It’s always invigorating for a screenplay reader or producer to read a script that offers an original point of view or a refreshing narrative. While there’s always room for tried and true concepts, reaching into the depths of your imagination will make for a more inspiring read.
I thought I would share with you some common scenarios that I often run into:
1. The protagonist is introduced by waking up to an alarm clock to begin their day.
While this might setup your protagonist’s ordinary world it’s not very exciting to the reader (unless you are watching GROUNDHOG DAY). It’s a rather ordinary way of introducing your script to the reader. Give your protagonist a hero’s introduction. The introduction should establish his character and personality. This can be accomplished through action, behavior, dialogue and physical appearance.
2. Opening with a dream.
I see this more and more. Sometimes it works and sometimes it doesn’t. I am not a fan of opening a story with a dream. I want to be grabbed right by the real story from page one. Dreams can take the audience/reader out of story and they tend to feel too surreal.
3. The “alcoholic” anything.
Stories are about damaged characters, characters that are struggling with their internal fears. A character has to overcome their inner conflict before they can achieve their external goal. Yet, most of the time the writer seems to feel that making their character an alcoholic will satisfy the audience and the need to establish internal struggle. Certainly it can, but it lacks originality. It might give your character some depth, but consider other more creative ways to develop a character. There are so many options for the writer. Give your character a more unique fear or obsession. There are some many neuroses, terrors, and compulsions that are awaiting your character. Give them one.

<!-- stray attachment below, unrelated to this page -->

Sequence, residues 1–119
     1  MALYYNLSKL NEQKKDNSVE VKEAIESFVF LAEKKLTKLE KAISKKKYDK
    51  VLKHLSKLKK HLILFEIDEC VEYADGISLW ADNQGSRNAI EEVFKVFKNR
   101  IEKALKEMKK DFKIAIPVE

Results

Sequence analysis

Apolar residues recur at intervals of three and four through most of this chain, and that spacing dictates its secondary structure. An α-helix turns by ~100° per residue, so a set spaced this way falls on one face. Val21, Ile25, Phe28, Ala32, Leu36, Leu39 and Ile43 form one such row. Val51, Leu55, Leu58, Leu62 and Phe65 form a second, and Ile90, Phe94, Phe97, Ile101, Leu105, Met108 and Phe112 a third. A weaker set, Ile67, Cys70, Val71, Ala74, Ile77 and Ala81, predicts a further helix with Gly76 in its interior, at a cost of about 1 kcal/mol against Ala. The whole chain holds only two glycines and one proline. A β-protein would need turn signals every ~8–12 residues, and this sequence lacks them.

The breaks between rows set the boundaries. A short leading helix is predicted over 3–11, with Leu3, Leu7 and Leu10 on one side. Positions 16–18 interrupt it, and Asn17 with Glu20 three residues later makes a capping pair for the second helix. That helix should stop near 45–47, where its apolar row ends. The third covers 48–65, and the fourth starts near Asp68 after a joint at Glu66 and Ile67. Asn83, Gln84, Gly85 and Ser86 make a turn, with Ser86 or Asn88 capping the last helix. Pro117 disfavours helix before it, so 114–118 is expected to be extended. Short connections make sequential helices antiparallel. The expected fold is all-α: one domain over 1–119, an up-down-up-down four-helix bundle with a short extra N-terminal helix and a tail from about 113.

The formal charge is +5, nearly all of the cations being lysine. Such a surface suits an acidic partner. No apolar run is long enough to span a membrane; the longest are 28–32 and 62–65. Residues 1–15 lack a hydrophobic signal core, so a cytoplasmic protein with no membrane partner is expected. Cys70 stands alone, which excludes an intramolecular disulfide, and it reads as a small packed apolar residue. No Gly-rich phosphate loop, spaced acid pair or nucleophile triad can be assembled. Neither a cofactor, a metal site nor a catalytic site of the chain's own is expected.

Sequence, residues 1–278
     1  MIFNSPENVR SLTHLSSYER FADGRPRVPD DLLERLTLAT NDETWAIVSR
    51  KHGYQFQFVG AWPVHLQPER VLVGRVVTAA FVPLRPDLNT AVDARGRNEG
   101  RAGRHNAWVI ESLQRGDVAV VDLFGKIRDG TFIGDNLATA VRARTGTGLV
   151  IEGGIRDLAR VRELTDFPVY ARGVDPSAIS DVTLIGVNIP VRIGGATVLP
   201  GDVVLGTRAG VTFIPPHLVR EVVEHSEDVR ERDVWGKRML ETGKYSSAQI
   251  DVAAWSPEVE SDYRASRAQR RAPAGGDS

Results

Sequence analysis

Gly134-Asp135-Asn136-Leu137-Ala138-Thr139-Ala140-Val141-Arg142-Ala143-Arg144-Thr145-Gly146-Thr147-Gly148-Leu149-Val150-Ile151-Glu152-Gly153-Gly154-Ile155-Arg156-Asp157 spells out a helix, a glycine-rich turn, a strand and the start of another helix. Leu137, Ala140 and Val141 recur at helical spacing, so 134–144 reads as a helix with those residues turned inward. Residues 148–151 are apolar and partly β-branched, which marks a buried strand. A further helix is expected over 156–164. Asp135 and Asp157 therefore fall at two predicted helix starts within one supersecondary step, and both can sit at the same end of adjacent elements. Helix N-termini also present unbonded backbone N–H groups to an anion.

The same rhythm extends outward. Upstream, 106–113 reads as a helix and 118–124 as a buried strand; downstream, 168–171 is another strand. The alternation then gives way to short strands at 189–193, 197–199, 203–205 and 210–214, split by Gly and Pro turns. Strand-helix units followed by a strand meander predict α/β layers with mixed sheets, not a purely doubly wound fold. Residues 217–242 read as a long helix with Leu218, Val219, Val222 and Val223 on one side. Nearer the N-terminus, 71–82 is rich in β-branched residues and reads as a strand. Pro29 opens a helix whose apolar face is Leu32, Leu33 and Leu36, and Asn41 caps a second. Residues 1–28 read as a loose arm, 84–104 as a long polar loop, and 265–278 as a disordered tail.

4. The rush to the airport to stop the one you love from leaving.
Yes we want romance and we want a sense of urgency. But how many times do readers want to read about the frantic rush to the airport.
5. Being evicted and losing a job.
I have read far too many comedies in which the main character is either being evicted, or has lost their job or both. Write out of the box.
6. Save the world and I’ll be the leader.
Go ahead do it and make my day. Does the audience really believe the antagonist is going to blow the world up and become the leader of the new world order? While terrorism is a serious topic and can make for tense, gritty films, the everyday common foe whose goal is to take over the world falls flat for me. Give me a realistic story and create a world in which terrifying events can genuinely occur and you probably have a great story.
7. The immature man playing video games.
In the last few weeks, I have probably seen this in almost every comedy script I have read. It’s great for video game business, not some much for the writer. Play with your creativity.
8. The immature man who farts.
Everyone who knows me, knows I can only tolerate one fart per script. Sometimes being a reader just stinks.
9. Women called various offensive names and sexually exploitive.
Okay, this is a sensitive topic. Sadly, in the majority of scripts women are called distasteful and derogatory names. Women are often placed in abusive situations. It’s going to continue and I have no delusions that this will end. Remember this, rape is a very serious and sensitive topic. It’s about power and control. Don’t add rape to be sensational. I once read a script in which an adult was molesting a teenage girl against her will, but the narrative description referred to it as “making love.” If rape doesn’t forward your script, cut it. If you can refrain from calling women bitches, or using the “c” word, do it.
10. Cliché dialogue. So, a horrific event occurs and the character responds with, “NOOOOOOO!” or “Oh my God!” Cliché lines that drive this reader foolishly insane: “You’re crazy!” “You’re insane!” “You’ll never get away with this!”
Powerful words and powerful dialogue propel a script. Dig into the heart of your character.
Okay, enough said for now. Remember, writing begins with the very first word.
Terri Zinner, A FILM WRITER